(a) Except as otherwise provided in this title, each Court of Indian Offenses has jurisdiction over any civil action arising within the territorial jurisdiction of the court in which:

(1) The defendant is an Indian; or

(2) Other claims, provided at least one party is an Indian.

(b) Any civil action commenced in a Court of Indian Offenses is barred unless the complaint is filed within 3 years after the right of action first accrues.

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§11.118   What are the jurisdictional limitations of the Court of Indian Offenses?

(a) A Court of Indian Offenses may exercise over a Federal or State official only the same jurisdiction that it could exercise if it were a tribal court. The jurisdiction of Courts of Indian Offenses does not extend to Federal or State employees acting within the scope of their employment.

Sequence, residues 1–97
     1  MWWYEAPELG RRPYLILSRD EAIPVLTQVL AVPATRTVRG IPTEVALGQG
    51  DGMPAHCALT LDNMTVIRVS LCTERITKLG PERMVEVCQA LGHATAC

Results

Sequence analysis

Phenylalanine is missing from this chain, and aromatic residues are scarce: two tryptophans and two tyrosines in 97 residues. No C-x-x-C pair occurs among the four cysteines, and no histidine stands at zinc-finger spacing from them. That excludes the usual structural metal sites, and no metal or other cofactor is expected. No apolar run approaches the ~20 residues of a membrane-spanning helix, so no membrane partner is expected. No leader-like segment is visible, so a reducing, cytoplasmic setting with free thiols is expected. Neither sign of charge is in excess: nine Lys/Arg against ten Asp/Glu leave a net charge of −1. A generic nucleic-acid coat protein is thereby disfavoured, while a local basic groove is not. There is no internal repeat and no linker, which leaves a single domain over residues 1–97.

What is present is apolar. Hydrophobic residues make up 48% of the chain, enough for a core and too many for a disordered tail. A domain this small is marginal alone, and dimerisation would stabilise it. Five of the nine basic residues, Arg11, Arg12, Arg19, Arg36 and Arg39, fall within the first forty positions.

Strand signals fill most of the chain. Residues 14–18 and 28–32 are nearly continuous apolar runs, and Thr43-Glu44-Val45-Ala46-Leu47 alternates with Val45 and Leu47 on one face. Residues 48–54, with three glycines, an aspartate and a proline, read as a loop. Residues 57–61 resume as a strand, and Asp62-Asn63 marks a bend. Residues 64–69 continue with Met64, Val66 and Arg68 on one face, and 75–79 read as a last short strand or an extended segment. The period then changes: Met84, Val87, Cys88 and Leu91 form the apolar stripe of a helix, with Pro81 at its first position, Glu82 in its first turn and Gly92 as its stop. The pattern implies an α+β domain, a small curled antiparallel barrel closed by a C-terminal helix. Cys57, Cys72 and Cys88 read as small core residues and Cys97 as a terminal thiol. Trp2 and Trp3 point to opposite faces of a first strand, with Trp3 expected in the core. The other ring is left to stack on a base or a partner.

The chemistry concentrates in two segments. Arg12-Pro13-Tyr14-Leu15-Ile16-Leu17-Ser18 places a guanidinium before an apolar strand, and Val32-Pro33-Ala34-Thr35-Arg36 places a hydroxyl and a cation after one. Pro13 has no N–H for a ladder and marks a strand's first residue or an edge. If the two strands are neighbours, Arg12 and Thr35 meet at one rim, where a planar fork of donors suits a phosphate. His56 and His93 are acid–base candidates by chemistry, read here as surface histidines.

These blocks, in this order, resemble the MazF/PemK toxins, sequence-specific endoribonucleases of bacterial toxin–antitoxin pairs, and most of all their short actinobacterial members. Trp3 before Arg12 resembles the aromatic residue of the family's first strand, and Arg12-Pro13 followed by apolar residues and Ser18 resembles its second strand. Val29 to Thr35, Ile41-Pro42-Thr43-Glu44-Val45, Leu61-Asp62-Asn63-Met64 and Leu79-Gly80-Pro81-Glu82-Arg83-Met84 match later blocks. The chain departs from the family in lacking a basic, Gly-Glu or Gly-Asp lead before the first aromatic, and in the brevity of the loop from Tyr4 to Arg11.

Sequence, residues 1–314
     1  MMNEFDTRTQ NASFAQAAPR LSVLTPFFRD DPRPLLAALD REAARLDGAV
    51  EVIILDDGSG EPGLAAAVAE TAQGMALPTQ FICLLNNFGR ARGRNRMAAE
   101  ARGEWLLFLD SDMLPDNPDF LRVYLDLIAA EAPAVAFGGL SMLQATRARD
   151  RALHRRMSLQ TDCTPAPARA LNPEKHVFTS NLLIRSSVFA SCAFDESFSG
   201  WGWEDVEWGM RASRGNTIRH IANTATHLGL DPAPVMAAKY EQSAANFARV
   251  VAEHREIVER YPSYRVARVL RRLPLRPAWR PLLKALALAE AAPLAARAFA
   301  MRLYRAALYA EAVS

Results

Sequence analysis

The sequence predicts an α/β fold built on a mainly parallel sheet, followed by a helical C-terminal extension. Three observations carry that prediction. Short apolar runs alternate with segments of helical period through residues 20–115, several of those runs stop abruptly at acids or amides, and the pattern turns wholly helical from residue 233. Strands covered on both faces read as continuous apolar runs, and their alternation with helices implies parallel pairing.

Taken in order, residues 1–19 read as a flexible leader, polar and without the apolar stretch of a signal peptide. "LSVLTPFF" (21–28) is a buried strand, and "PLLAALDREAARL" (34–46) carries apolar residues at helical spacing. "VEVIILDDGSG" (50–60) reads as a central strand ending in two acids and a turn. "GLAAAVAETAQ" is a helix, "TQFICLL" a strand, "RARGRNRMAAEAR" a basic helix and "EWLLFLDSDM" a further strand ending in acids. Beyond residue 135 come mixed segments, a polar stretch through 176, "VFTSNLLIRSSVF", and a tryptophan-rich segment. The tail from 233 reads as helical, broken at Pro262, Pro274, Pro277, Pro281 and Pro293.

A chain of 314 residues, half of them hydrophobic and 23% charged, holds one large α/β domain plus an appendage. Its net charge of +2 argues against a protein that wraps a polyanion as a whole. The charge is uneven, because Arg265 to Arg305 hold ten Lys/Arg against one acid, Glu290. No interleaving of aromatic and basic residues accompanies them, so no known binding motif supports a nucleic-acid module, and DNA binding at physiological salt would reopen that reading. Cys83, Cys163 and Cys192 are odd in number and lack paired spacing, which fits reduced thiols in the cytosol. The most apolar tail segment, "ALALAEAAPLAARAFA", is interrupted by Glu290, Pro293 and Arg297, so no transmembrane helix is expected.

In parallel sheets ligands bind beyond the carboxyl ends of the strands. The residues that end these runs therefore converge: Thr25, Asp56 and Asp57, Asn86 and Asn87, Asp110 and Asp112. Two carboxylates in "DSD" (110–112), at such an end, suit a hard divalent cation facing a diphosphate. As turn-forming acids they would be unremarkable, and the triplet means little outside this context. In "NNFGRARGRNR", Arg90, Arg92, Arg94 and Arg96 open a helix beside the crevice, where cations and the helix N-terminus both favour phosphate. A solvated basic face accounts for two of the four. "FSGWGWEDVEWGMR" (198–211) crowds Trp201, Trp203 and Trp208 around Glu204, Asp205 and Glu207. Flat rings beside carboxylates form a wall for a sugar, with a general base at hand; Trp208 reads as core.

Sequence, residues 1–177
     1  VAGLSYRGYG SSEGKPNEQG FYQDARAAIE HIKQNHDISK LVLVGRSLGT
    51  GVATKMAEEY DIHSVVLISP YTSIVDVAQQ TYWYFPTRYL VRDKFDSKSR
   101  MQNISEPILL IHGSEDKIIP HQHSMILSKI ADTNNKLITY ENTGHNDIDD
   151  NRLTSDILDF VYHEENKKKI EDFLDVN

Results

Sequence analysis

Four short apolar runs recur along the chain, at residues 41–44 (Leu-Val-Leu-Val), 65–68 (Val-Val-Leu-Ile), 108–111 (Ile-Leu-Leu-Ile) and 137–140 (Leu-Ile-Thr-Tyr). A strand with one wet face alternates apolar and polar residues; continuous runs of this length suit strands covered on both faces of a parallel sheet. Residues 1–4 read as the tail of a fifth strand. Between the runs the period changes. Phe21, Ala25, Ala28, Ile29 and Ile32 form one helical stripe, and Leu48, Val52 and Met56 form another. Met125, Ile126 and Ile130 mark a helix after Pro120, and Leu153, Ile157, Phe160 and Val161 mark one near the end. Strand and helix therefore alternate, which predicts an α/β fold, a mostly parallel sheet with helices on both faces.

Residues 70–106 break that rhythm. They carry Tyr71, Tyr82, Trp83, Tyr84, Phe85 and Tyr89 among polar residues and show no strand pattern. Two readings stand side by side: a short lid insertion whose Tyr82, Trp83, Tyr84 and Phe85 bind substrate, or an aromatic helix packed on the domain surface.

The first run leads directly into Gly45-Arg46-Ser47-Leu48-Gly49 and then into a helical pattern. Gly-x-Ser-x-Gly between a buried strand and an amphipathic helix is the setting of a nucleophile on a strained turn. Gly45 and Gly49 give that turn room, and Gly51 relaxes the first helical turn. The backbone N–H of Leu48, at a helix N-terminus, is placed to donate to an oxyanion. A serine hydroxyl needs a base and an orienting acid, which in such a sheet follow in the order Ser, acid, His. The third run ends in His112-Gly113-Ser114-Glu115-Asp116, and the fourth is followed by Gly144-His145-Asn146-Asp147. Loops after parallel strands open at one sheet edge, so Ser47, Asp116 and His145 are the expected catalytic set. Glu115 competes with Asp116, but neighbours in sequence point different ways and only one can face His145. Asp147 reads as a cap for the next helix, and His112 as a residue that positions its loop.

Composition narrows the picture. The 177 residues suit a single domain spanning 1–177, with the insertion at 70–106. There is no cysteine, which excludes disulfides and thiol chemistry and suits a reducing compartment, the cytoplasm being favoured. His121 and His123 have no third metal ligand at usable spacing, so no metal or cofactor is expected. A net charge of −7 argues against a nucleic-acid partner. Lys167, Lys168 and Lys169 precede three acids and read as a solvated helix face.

(b) A Court of Indian Offenses may not adjudicate an election dispute, take jurisdiction over a suit against a tribe, or adjudicate any internal tribal government dispute, unless the relevant tribal governing body passes a resolution, ordinance, or referendum granting the court jurisdiction.

(c) In deciding who is a tribal official, BIA will give deference to a decision of the Court of Indian Offenses, acting as a tribal forum by resolution or ordinance of a tribal governing body under paragraph (b) of this section.

(d) A tribe may not be sued in a Court of Indian Offenses unless its tribal governing body explicitly waives its tribal immunity by tribal resolution or ordinance.